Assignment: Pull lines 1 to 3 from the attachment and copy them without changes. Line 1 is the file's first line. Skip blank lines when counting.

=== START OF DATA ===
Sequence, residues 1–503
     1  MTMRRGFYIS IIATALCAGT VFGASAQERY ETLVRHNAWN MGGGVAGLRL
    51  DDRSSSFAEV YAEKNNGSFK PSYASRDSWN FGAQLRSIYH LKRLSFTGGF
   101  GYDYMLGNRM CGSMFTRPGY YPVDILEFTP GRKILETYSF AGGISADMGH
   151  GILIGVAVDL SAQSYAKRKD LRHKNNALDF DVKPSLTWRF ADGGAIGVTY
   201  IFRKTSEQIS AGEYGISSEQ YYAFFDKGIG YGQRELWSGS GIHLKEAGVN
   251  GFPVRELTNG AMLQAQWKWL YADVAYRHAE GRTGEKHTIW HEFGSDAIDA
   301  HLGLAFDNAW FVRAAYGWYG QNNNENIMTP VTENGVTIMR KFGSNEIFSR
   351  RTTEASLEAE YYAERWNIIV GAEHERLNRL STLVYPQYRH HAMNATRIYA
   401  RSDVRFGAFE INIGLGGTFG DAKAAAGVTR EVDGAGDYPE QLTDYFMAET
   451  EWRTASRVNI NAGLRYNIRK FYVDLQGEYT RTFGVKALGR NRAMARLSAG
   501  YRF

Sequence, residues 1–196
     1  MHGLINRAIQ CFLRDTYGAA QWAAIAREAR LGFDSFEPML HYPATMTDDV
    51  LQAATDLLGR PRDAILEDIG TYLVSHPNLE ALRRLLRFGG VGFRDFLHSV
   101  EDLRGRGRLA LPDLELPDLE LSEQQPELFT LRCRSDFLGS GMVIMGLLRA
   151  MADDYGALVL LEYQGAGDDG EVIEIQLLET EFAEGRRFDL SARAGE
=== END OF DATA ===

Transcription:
Sequence, residues 1–503
     1  MTMRRGFYIS IIATALCAGT VFGASAQERY ETLVRHNAWN MGGGVAGLRL
    51  DDRSSSFAEV YAEKNNGSFK PSYASRDSWN FGAQLRSIYH LKRLSFTGGF